I think our second time, we took Gabe (my nephew of the Fireman’s Carry) and he got to shoot a boy’s-sized .22 single shot. He’s pretty good with it. He also shot my dad’s Thompson/Center in .17 HMR. That’s a wonderful gun. My dad had made a neat contraption that was a horizontal board with clothespins on it, to hold clay pigeon targets vertically on it. Like so: |_O_O_O_O_O_O_|
The two stakes on the side (made with rebar) stuck into the ground to hold the horizontal plank about a foot off the ground. Like I said, a neat and fun contraption.
The Thompson .17 shot super well. At 25 meters I was easily hitting the clays from standing, and even the fragments left over. My last shot was at a fragment that was the thin edge of the rim left over of a clay. My dad said that I would be wasting ammunition, but I actually rested the weapon on a support and popped it. Heh-heh…
He had another Thompson/Center handgun (the .17 HMR was actually put together as a rifle, with a longer barrel and rear stock) in a good deer cartridge–7-30 Waters. A good shooting gun, that both he and my brother Dave liked, but I found that I couldn’t use it very well. Oh well.
One of the T/Cs was an “Encore,” the other a “Contender G2,” I think. Sorry, I don’t remember which was which (the T/Cs have interchangeable barrels and such, and don’t remember how each was configured). The .17 HMR had a composite stock and the 7-30 Waters had a wooden stock. They are both beautiful, and beautifully made. They have an “old-world” dueling pistol sort of look to them, as you can see by the links, and are definite craftsman-like pieces.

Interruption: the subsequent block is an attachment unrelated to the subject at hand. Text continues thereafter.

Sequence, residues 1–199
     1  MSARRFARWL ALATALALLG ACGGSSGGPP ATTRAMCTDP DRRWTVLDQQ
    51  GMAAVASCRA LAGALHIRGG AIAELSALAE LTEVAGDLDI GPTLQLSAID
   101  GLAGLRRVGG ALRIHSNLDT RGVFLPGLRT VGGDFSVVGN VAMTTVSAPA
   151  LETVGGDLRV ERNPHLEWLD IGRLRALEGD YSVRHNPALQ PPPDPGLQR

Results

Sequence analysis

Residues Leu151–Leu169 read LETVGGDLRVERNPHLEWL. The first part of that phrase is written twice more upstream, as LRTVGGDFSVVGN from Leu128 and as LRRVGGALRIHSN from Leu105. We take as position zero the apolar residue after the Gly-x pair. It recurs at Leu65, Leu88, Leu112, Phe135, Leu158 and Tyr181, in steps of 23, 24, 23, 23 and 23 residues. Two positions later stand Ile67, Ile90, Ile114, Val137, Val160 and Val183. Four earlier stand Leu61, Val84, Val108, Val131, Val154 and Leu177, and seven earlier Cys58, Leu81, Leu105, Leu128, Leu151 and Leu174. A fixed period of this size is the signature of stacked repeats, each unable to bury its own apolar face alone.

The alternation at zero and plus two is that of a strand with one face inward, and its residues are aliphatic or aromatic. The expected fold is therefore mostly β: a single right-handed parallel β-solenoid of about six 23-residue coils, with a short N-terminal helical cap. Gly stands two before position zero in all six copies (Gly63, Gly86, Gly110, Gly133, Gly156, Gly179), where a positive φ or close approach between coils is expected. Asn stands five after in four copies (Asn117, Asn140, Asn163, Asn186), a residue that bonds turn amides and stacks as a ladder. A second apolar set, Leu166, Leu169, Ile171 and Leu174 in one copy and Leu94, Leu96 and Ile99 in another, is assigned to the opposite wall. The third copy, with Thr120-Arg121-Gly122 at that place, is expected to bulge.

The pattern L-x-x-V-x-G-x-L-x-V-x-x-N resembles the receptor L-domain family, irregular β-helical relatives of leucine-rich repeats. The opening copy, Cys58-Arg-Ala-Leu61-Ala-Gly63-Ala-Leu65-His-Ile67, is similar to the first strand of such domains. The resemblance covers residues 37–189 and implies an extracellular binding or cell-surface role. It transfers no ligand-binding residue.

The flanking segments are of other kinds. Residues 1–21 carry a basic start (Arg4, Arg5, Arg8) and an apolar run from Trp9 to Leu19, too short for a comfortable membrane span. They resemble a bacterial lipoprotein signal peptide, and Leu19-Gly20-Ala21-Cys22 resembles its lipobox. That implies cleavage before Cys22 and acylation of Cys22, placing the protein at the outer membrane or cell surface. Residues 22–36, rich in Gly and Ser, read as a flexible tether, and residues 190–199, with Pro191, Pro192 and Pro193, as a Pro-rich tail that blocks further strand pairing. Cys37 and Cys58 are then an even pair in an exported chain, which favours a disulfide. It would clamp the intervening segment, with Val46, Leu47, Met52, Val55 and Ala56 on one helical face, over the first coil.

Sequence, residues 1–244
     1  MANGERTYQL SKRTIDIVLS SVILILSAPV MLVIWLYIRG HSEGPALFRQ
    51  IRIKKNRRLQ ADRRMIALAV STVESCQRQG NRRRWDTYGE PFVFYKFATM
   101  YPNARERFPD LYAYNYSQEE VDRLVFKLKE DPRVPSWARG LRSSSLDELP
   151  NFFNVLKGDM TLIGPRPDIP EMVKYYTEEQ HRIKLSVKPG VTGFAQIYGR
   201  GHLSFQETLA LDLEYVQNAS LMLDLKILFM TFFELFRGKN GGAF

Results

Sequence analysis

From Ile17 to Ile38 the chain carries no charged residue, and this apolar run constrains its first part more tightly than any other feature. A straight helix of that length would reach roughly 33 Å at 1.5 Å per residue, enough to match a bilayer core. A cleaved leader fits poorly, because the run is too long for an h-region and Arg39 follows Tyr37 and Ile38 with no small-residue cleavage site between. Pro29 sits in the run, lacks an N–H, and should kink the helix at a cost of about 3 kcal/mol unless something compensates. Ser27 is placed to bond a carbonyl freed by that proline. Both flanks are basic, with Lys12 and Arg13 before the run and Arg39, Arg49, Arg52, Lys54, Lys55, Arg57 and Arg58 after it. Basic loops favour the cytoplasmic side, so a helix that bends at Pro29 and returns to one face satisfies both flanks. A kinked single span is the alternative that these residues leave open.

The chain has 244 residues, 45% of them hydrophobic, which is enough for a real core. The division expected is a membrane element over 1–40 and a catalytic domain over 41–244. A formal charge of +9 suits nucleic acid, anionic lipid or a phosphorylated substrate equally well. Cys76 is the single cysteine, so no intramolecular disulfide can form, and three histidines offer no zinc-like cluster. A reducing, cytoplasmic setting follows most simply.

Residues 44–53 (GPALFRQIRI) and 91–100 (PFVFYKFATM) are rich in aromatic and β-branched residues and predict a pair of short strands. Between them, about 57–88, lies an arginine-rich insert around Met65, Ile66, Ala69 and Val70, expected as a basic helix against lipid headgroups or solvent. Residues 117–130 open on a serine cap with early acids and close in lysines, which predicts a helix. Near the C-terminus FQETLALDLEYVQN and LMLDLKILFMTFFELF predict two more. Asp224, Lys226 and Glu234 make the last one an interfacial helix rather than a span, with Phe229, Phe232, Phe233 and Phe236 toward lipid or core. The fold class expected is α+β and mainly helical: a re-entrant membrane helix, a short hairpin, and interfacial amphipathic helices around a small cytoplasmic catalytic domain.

One of the times we went, with a different mix of people, I ended up shooting some interesting handguns, including a “Broom-Handle Mauser.”
So that was fun, and it’s good to get my shoot on.
The reunion itself was quite nice, with several of my mom’s side of the family driving from quite some distance away to come to it.
At some point, my retired father started to earn his keep:
Gotta keep him active, you know, in his sunset years…. Man–what a son I am, looking out for him like that… 😀
Of course, we also visited my 97 year old grandmother.
And speaking of keeping active; I did, as indicated below, hit the kettlebells several times whilst I was home. So there…
The way back was beautiful, though it was a tight squeeze to fit both my brother Dahood and I into the little Del Sol. Actually, we fit well enough, and we both packed lightly knowing that we’d be coming back in the little two-seater, but we were concerned with weight. The two of us together already (allegedly–I haven’t seen the specs on it, but my bro tells me so) overload the carrying capacity, let alone any cargo. Apparently, the designers designed the thing for two 150 lb bodies plus a couple of bags of groceries.
But we had no trouble with driving, though Dave said that he could feel it in the turns a bit. We came back through mountains up through Grafton (so he could pay his city bills and such for his home there), then out through twisty-turny Route 50 until we got over to the turn-off to Thomas and Davis. Thereupon we headed to Corridor H, which gave some bee-yoo-tiful views until we got off that and eventually into Virginia and then the 66/81 Interstate. We did, in fact, have the top off for much of the way. And it was good.
All in all, a good trip. See y’all next year…